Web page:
When we talk about desire, we are so often also talking about gender. But, Keyonis Johnson has created a hashtag which appreciates desire outside of the binary hashtags #MCM (“Man Crush Monday”) or #WCW (“Woman Crush Wednesday”).
One sees a pretty face and assumes, then develops a desire for, one’s assumptions about the person’s body, about the particular way(s) the person intends and prefers for their body to be engaged. One arrives at a conclusion about the person’s body based on facial hair, it’s lack, the pitch of a voice, the person’s clothing. One considers the person who has just walked into the room with regard to one’s own embodiment, what one takes pleasure in receiving and giving. The thoughts are immediate and thankless. We blow up group chats with laughing emojis at our friend’s, and our own, thirst for bodies we’ve already assigned so many obligations to in the work of pleasuring us.
What do our desires say about us? What of a desire we cannot name, one that we may even refuse to vocalize a desire for? And what might the absence of a name for that desire to do a person – both the desirous and desired? What is the relationship between being desired and living what one might call a “healthy” life? Is it ever really not that deep when we desire and gender people so often that it is a part of being alive and present in any room?
“It was just on a random Wednesday,” Keyonis Johnson recalls, “when I was making somebody else my #WCW, and I was just thinking I haven’t been anybody’s #WCW in a long time and I was just thinking, well, my pronouns changed to they/them so how could I be?”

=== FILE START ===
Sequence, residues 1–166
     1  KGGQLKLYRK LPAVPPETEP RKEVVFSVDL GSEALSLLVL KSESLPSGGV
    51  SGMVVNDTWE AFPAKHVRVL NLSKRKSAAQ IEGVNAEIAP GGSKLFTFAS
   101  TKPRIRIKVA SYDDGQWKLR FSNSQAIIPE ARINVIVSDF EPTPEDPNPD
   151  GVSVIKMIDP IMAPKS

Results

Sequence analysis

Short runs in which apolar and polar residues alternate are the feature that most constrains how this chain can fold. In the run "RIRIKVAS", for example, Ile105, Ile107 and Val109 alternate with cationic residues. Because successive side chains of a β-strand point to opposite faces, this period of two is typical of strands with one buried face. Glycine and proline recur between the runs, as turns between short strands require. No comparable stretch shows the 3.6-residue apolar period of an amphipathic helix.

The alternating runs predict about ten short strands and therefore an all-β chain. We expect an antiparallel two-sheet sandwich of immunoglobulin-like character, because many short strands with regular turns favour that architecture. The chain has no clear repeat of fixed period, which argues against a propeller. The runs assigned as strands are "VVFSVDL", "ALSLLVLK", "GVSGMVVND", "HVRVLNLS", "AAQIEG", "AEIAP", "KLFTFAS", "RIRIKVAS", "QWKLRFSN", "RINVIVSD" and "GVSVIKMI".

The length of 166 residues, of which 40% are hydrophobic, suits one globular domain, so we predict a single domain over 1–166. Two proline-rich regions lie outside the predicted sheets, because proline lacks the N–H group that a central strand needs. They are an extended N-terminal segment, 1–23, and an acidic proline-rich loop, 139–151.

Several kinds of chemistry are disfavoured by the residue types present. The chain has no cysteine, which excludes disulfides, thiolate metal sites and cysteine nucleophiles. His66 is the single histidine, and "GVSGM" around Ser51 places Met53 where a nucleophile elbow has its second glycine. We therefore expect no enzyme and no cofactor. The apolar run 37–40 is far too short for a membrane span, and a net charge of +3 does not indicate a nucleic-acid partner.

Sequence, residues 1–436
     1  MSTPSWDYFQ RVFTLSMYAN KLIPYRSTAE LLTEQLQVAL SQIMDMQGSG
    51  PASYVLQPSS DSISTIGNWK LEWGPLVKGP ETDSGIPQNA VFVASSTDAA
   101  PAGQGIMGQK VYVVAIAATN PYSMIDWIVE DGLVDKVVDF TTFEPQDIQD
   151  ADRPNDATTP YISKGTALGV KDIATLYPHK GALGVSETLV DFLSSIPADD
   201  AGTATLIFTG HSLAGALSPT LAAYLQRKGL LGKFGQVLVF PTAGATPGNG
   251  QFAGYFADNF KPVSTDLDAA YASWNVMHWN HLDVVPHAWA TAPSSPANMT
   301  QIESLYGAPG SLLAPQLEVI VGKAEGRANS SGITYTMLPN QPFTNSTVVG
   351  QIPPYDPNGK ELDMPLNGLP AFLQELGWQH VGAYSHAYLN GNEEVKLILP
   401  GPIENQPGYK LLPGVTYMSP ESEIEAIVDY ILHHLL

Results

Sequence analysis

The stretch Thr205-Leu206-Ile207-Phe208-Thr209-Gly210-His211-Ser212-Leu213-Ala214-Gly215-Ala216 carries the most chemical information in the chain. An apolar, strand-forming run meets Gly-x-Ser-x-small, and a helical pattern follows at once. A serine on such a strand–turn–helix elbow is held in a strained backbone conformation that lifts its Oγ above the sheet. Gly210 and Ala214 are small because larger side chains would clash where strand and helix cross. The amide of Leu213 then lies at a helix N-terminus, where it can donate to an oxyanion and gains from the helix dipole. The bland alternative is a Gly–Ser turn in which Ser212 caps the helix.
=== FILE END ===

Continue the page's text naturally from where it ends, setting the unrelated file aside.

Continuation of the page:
Johnson subsequently started the hashtag #ThouCrushThursday, which is being increasingly used by people who identify beyond the gender binary.
“There’s not really a definitive place for non-binary people,” Johnson explains. “I feel like people are just starting to catch on non-binary identities, now. I don’t want to call it a trend, but it’s something that’s becoming more visible. I think the non-binary identity is under the trans umbrella, but I feel like it’s lost under that umbrella, too. The trans identity and the non-binary identity I feel are two different experiences. For the most part if you identify as trans you identify in the binary, but for non-binary people there’s still that cloud of where are you, that pressure to choose within the binary. That question of what do you mean you’re not a girl or you’re not a boy? What do you mean you’re somewhere in between?”
The American Dialect Society (ADS) is among those beginning to catch on to non-binary identities. In 2015, the ADS made “they” the word of the year, defining it contextually as a “gender-neutral singular pronoun for a known person, particularly as a non-binary identifier.”
Seeing how quickly people have begun to embrace the hashtag, Johnson is now moving towards crewnecks that make a statement: No Binaries Allowed.
“The crewnecks are making a statement and causing dialogue,” they said. “People see that crewneck and see that I’m not choosing a side and they ask questions. I think those conversations are necessary.”
One is wont to wonder about the impact of crewnecks on people who are already hyper-visible to the point of danger, but Johnson remains confident that for the most part, “if you’re comfortable enough to wear a sweatshirt that makes that statement then you’re comfortable enough to have that conversation, otherwise you wouldn’t wear it. Or you’re an ally or in support and also willing to have that conversation on behalf of someone who identifies as non-binary but isn’t willing to have that conversation.”